"Yellow" is a sculpture of Lego bricks by artist Nathan Sawaya

"Yellow" is a sculpture of Lego bricks by artist Nathan Sawaya.

Credit: Rough Draft Atlanta

Choosing creativity over convention launched Nathan Sawaya from corporate lawyer to a world-renowned artist and LEGO certified professional.

artist Nathan Sawaya

Nathan Sawaya

Credit: Rough Draft Atlanta

The journey has culminated in a global touring exhibition called “The Art of the Brick,” which is making its debut at Exhibition Hub Art Center in Doraville on April 23. The exhibit will feature 70 installations using more than 1 million Legos and will include his most famous work, titled “Yellow.”

The circuitous path that led him to Atlanta started early in his childhood when he realized following a set of instructions was a lot less satisfying than exploring the unknown.

At 10, while growing up on the West Coast, Sawaya built a 36-square foot Lego city in his childhood living room following the kit’s instructions. After his request for a dog was vetoed by his parents, he dismantled the city and built a life-sized Lego dog using just his imagination.

“I realized that I didn’t have to follow the instructions,” he said. “I guess the effort worked because about a year later, my parents realized maybe I did deserve to have a dog, and I got one.”

While Legos were still a part of Sawaya’s life, he put aside his toys of childhood to attend New York University, where he received a bachelor’s and later, a law degree.

Firmly established in his practice in California, Sawaya said he realized in 2004 that his career choice didn’t fit his need to create art for himself and others.

“I wasn’t happy as a lawyer, but I thought I could be happy as an artist,” he said. “My friends and family were supportive, but my (law) partners were mostly confused.”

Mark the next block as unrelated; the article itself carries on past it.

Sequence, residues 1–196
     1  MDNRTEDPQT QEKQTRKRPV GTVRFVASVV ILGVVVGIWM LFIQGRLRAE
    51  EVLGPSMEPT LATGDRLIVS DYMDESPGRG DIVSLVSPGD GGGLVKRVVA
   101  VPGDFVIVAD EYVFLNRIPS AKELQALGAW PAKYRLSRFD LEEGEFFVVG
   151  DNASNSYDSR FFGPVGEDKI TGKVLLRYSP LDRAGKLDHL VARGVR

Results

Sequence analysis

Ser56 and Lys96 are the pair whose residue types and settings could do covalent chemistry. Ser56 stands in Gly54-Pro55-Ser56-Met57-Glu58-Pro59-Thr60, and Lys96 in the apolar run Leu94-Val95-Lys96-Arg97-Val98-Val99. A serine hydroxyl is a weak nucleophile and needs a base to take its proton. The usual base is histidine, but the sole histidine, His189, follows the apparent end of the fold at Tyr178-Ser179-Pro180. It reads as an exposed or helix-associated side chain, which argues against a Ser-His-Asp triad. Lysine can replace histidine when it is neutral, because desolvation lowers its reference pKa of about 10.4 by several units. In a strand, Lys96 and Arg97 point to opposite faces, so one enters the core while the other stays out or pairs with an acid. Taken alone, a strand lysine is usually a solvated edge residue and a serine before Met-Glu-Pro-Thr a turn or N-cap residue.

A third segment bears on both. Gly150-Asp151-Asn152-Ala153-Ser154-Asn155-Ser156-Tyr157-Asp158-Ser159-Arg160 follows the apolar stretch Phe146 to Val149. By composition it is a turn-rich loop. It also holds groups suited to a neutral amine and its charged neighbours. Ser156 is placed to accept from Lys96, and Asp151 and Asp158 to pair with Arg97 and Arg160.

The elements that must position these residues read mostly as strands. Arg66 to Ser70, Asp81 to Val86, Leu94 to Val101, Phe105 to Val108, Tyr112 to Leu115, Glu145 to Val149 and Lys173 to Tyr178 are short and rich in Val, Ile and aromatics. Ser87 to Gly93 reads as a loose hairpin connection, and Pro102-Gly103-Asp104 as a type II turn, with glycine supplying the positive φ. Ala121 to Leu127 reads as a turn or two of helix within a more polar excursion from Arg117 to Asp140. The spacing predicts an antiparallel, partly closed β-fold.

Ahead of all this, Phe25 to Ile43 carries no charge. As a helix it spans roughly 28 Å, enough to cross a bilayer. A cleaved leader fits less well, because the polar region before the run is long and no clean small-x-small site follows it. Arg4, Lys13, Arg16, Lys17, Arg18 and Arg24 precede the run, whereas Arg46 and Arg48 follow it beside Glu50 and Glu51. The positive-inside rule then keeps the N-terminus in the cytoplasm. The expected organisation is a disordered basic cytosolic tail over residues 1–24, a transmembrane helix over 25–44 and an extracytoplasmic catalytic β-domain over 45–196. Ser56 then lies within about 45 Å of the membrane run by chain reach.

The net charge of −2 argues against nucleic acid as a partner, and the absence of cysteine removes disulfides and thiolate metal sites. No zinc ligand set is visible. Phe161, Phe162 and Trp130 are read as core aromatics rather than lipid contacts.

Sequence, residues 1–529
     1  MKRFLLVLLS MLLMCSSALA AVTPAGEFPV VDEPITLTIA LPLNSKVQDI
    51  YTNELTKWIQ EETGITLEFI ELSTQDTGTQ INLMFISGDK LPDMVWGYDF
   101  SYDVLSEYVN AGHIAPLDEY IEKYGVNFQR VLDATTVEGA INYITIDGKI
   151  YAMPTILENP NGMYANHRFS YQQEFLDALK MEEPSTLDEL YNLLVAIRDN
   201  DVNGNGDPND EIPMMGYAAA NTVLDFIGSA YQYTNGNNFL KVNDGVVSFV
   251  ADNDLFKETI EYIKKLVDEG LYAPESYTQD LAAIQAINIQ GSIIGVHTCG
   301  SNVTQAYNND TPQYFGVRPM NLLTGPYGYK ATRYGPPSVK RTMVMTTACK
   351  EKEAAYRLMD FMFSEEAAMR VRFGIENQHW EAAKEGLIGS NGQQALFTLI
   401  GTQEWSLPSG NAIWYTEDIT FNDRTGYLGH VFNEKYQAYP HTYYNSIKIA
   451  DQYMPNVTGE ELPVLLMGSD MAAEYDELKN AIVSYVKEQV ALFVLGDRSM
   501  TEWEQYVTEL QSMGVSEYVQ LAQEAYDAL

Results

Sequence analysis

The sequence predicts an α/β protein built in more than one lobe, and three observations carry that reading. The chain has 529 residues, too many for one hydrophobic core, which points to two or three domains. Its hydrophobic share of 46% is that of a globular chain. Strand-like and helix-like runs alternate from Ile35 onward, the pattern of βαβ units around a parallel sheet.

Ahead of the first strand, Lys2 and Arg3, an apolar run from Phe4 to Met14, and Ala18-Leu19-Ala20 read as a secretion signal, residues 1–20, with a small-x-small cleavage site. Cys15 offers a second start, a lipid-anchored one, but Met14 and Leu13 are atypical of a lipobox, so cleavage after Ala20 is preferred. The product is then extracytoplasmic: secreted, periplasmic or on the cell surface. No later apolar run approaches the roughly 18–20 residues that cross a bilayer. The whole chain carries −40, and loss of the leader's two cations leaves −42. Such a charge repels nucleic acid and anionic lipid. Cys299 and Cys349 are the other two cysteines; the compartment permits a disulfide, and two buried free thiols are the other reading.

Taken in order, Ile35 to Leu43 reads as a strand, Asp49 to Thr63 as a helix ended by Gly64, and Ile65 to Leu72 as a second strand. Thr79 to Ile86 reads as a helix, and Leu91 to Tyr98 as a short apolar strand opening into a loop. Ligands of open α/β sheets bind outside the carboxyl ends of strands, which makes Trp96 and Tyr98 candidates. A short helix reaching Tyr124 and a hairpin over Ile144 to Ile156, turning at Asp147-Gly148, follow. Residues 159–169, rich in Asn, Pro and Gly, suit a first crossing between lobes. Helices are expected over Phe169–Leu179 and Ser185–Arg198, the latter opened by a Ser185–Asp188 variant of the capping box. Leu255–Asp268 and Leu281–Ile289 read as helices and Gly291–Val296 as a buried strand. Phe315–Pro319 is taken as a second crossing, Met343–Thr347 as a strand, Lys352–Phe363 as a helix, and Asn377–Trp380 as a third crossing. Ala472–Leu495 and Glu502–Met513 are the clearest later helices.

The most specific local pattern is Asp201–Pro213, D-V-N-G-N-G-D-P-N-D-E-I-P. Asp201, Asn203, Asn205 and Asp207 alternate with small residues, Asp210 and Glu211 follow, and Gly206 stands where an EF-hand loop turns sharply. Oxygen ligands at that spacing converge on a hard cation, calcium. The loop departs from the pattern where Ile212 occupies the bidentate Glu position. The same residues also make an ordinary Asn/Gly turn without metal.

Despite the skepticism, Sawaya, calling the leap a “calculated risk,” put several measures into place that ensured he wouldn’t let fear deter his dream.

“I created a website, and I had a plan that I put into place,” he said. “I also let my law license expire so I wouldn’t have a fall back.”

His “calculated risk” has paid off, with record-breaking shows and installations all over the world, numerous prestigious awards, the publication of two best-selling books and now “The Art of the Brick,” which will be housed in Doraville through the spring.

Along with “Yellow,” the 70-piece exhibit will feature “Perniciem” (which is Latin for ruin, disaster and death) that highlights endangered species in their natural environments, including a 10-foot tall giraffe, an artic fox, a humpback whale and other larger-than-life pieces.

Sawaya said the process of constructing the installations can be both magical and heartbreaking.

“It starts as an idea, then a sketch, and once I have the idea, I envision how it will look and then start building and gluing as I go,” he said. “There are many times I have to take a hammer and a chisel to it because it’s not quite right.”

“That may take hours or even days taking down the work that I spent so much time working on,” he continued. “Patience is a big part of the process.”

The Exhibition Hub had been working with Sawaya and his team for the past three years to bring the experience to Atlanta.

“Nathan is the world’s foremost Lego artist,” Mario Iacampo, CEO and creative director of Exhibition Hub, said. “It is our honor to now help take Nathan’s work to an even higher level with a totally immersive canvas worthy of his genius.”

Sawaya said his childhood belief about art being a magical experience still resonates with him today.

“Art is not optional for me and it’s not optional for anyone,” Sawaya said. “Art is magical — it elevates your mood and it makes you happier and smarter. That’s what I hope my work does for everyone who experiences it.”

The Exhibition Hub Arts Center is located at 5660 Buford Hwy. NE, in Doraville. Tickets are now on sale for “The Art of the Brick” and can be purchased by visiting theartcenters.com. The Claude Monet immersive experience is also housed in the 50,000-square-foot facility.

This story comes to GPB through a reporting partnership with Rough Draft Atlanta.

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